The point is: go for it. Go for the interviews for jobs you’re unsure about. Worst case scenario is it isn’t the job you want, but it could also be what you’ve been looking for all this time. Either way, it did help brush up your interview skills and help in narrowing down what you do want. More than job applications, always be open to new experiences—business ventures, graduate studies, your family business—and to the possibility of it not working out in the way you thought it would. Rest assured, you will still learn from them.

3. A great support system goes a long way.

At this point in my life, my friends and I were all on the same, seemingly sinking boat of unemployed fresh grads. Having them with me throughout this time helped—not just because I had people who were in the same situation as I was, but because we built each other up. We gave each other advice, we asked about how each others’ interviews went, and we helped guide one another as we made important decisions.

During this time, you are as good as the people you surround yourself with, so you will need friends who have something better to offer than gossip about your batchmates or lovelife problems. You will need people who are in it for the hustle as much as you are, and want to see all of you succeed together. This is a time of undeniable growth and you will need those who are looking to grow with you.

In the same way, support your friends because you of all people should know that what they’re going through isn’t easy, either.

4. Contrary to what the world tells you, your success doesn’t have a deadline.

And even if there is one, it’s a long time from now.

When you stop and think about it, much of your anxiety stems from the fact that you feel like you have to accomplish everything you want to achieve now, or within the next 5 years. Seriously, what timer are you on? When you realize just how early on in life you are, you’ll start to wonder why you’re even rushing.

Take everything in and take what every experience has to offer. You might not be able to move out of your parents’ house within your first year of working, you won’t be able to travel and shop to your heart’s content with your first paycheck (hell, you won’t even be able to shop without checking the pricetag even at your 10th paycheck), but most times no one’s rushing you to do any of those things but you. Like I said, be patient with your progress.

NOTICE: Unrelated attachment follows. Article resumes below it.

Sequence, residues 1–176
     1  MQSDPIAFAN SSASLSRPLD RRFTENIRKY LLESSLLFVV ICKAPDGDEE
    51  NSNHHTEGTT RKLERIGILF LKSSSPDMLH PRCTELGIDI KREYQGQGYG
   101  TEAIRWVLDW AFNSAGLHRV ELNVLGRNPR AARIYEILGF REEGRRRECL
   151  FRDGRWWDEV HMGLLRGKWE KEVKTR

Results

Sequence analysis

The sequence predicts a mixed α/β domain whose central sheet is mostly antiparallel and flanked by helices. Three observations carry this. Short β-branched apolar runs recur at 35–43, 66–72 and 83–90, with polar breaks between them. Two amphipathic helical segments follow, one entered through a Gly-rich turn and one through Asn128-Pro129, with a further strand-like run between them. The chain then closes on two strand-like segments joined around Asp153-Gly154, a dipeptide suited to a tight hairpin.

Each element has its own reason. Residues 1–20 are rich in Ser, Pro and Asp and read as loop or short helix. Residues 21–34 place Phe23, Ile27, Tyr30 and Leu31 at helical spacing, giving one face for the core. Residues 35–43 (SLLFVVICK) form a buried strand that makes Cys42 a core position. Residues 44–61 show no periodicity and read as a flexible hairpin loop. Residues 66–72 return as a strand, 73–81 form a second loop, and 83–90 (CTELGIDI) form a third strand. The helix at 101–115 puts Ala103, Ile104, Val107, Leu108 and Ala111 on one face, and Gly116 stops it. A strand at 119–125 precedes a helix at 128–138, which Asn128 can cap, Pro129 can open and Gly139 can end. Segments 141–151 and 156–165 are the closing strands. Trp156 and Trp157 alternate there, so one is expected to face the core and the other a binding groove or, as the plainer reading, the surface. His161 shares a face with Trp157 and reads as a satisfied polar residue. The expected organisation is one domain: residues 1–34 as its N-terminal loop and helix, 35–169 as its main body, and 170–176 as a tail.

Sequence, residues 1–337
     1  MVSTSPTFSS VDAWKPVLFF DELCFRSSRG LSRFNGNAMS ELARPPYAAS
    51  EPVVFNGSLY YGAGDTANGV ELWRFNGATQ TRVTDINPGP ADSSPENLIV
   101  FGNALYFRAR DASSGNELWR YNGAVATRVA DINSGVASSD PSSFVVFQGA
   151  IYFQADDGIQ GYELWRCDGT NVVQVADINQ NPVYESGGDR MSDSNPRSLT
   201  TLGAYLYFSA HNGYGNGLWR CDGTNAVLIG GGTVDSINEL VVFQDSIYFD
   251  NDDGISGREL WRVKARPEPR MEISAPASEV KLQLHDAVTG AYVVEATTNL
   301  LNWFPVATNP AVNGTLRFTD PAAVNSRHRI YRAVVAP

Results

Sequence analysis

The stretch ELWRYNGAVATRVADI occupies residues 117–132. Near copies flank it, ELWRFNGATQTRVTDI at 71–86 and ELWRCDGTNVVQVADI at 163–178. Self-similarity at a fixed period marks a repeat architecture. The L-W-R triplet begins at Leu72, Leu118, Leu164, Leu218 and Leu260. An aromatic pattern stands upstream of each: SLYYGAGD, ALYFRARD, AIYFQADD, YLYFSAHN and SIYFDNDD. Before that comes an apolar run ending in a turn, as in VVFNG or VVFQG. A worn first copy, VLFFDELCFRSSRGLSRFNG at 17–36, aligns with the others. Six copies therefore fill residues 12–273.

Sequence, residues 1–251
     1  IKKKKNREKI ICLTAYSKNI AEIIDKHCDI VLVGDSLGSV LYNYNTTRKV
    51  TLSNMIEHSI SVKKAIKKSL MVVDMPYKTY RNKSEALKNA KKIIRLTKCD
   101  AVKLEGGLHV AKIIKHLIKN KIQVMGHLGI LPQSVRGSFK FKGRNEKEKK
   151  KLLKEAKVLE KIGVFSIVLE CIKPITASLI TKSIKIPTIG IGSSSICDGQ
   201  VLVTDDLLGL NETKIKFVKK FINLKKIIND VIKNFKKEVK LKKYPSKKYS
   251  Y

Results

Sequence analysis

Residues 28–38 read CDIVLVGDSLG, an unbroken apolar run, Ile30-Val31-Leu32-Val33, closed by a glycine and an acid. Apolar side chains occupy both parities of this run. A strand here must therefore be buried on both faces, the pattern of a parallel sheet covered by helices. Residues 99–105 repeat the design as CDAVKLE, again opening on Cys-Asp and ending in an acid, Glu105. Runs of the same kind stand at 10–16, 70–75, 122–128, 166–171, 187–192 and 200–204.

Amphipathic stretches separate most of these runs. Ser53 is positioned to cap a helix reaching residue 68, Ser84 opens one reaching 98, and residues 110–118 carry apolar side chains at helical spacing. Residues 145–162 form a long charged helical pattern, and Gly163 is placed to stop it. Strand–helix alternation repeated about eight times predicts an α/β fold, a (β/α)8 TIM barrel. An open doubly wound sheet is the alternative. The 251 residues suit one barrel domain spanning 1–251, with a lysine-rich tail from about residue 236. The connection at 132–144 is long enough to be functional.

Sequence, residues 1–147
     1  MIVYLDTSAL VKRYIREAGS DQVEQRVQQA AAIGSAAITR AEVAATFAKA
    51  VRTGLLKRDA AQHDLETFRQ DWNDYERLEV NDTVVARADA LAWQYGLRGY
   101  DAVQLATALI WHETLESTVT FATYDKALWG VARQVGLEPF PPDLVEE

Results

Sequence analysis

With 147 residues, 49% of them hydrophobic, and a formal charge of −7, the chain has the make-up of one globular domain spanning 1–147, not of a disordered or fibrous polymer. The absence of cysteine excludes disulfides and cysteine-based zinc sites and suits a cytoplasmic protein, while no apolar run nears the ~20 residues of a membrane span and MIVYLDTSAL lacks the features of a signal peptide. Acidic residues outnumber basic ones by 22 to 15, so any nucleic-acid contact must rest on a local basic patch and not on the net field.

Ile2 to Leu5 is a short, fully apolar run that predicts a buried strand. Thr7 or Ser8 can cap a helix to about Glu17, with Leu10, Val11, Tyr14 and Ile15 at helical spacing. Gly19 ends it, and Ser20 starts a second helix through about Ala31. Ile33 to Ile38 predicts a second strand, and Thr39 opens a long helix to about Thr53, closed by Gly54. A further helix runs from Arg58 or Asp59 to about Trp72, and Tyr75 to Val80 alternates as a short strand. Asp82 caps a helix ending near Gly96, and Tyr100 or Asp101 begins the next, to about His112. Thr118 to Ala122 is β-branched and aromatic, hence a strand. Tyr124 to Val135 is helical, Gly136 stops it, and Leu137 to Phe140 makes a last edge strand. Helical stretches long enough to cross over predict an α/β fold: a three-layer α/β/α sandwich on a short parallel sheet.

5. Your growth is your responsibility.

When you’re unemployed, you’ll have so much free time you won’t even know what to do with it. Even when you do get a job, the reality is it’s not always going to give you the fulfillment you seek, and it will take up so much of your time you’ll end up using that as an excuse as to why you can’t pursue anything else. Know that either excuse is absolute bullsh*t.

Not everyone will make a living out of what they love to do, and even if you do find a job based on something you love, you might end up hating what you thought was your passion because you started milking it out. Have side projects. Practice in your free-time (on that note, make free time). At the end of the day, the primary purpose of having a career will be to provide financial stability, and anything beyond that will be a bonus or something you’ll have to find elsewhere.

There are many, many more things I could share about what I’ve learned during my (f)unemployment days and within my first year of working, but these are things I wish I knew more than a year ago. These would have saved me a lot of sleepless nights wondering where I’d end up, or have given me the reasons to push myself to do something more with my time.

To all the recent graduates, congratulations. Your life is just beginning, and despite the initial setbacks you might encounter and whatever doubts that will begin to grow at the back of your minds—the world awaits.